Intergovernmental organisation urges scientists to present a unified coherent vision for large, expensive projects
The OECD Global Science Forum has developed findings and recommendations regarding future large projects in astronomy. Some of the recommendations are directed towards the international scientific community, others pertain more to the work of government funding agencies. Among the conclusions are: the need for a globally-coordinated scientific vision of the most important big projects for the next 20 years, greater international cooperation in the development of key technologies (such as large arrays of sensors), and the establishment of closer links between planning processes for space-and ground-based facilities. The report is based on discussions at two workshops that were attended by policymakers and scientists.
Astronomers have made enormous progress in the past few decades, developing a convincing model of the origin, evolution and distribution of the visible matter in the Universe, from asteroids and planets to the large-scale structure of clusters of galaxies. But the model fails to explain the composition or origin of some 96% of the contents of the Universe (the enigmatic "dark matter" and "dark energy") and does not explain the origin or distribution of life. Solving these mysteries will require costly new projects such as giant optical and radio telescopes which must be organised and financed on a multi-national basis. As the field of astronomy enters a new scientific and organisational era, the OECD report challenges researchers and administrators to coordinate, plan, administer and finance the large projects and programmes that will be needed during the coming decades.
What happens when we heat the atomic lattice of a magnet all of a sudden?
18.07.2018 | Forschungsverbund Berlin
Subaru Telescope helps pinpoint origin of ultra-high energy neutrino
16.07.2018 | National Institutes of Natural Sciences
For the first time ever, scientists have determined the cosmic origin of highest-energy neutrinos. A research group led by IceCube scientist Elisa Resconi, spokesperson of the Collaborative Research Center SFB1258 at the Technical University of Munich (TUM), provides an important piece of evidence that the particles detected by the IceCube neutrino telescope at the South Pole originate from a galaxy four billion light-years away from Earth.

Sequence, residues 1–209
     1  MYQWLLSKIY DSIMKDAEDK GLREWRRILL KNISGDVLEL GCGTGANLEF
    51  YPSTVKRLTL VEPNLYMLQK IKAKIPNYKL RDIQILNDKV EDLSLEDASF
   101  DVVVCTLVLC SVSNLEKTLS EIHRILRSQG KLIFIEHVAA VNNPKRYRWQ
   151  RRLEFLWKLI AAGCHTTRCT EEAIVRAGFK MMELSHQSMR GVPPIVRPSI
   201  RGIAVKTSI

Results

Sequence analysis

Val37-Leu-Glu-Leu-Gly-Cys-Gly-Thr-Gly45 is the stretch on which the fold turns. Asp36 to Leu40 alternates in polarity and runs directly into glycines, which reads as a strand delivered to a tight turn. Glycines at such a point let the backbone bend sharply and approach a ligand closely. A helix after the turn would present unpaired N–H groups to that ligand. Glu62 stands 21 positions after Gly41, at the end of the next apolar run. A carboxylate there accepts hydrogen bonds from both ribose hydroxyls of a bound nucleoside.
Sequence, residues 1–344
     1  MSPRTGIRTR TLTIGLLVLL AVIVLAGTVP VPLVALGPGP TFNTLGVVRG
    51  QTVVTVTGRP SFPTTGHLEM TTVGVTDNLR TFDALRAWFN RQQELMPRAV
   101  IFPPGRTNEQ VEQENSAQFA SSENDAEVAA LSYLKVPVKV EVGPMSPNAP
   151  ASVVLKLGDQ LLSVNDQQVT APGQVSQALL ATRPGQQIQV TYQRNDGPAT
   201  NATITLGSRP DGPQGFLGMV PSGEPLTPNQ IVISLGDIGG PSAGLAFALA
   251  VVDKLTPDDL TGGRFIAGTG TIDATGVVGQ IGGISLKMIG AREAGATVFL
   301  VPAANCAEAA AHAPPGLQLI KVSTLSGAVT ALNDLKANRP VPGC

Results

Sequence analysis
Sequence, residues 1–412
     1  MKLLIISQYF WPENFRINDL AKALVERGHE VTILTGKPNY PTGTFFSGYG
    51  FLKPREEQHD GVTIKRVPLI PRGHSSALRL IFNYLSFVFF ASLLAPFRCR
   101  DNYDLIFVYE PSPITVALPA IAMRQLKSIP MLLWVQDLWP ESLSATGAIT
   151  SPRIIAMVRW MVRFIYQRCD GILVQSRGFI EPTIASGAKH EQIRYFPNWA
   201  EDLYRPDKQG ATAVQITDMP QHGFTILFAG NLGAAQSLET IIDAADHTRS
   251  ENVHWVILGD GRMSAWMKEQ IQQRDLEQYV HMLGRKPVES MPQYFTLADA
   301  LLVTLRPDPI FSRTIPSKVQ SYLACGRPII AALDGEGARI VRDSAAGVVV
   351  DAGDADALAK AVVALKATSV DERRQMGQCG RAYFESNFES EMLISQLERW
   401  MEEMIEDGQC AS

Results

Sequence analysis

To rule out other origins with certainty, the team led by neutrino physicist Elisa Resconi from the Technical University of Munich and multi-wavelength...
For the first time a team of researchers have discovered two different phases of magnetic skyrmions in a single material. Physicists of the Technical Universities of Munich and Dresden and the University of Cologne can now better study and understand the properties of these magnetic structures, which are important for both basic research and applications.
Whirlpools are an everyday experience in a bath tub: When the water is drained a circular vortex is formed. Typically, such whirls are rather stable. Similar...
Physicists working with Roland Wester at the University of Innsbruck have investigated if and how chemical reactions can be influenced by targeted vibrational excitation of the reactants. They were able to demonstrate that excitation with a laser beam does not affect the efficiency of a chemical exchange reaction and that the excited molecular group acts only as a spectator in the reaction.
A frequently used reaction in organic chemistry is nucleophilic substitution. It plays, for example, an important role in in the synthesis of new chemical...
Optical spectroscopy allows investigating the energy structure and dynamic properties of complex quantum systems. Researchers from the University of Würzburg present two new approaches of coherent two-dimensional spectroscopy.
"Put an excitation into the system and observe how it evolves." According to physicist Professor Tobias Brixner, this is the credo of optical spectroscopy....
Ultra-short, high-intensity X-ray flashes open the door to the foundations of chemical reactions. Free-electron lasers generate these kinds of pulses, but there is a catch: the pulses vary in duration and energy. An international research team has now presented a solution: Using a ring of 16 detectors and a circularly polarized laser beam, they can determine both factors with attosecond accuracy.
Free-electron lasers (FELs) generate extremely short and intense X-ray flashes. Researchers can use these flashes to resolve structures with diameters on the...
13.07.2018 | Event News
12.07.2018 | Event News
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18.07.2018 | Materials Sciences
18.07.2018 | Health and Medicine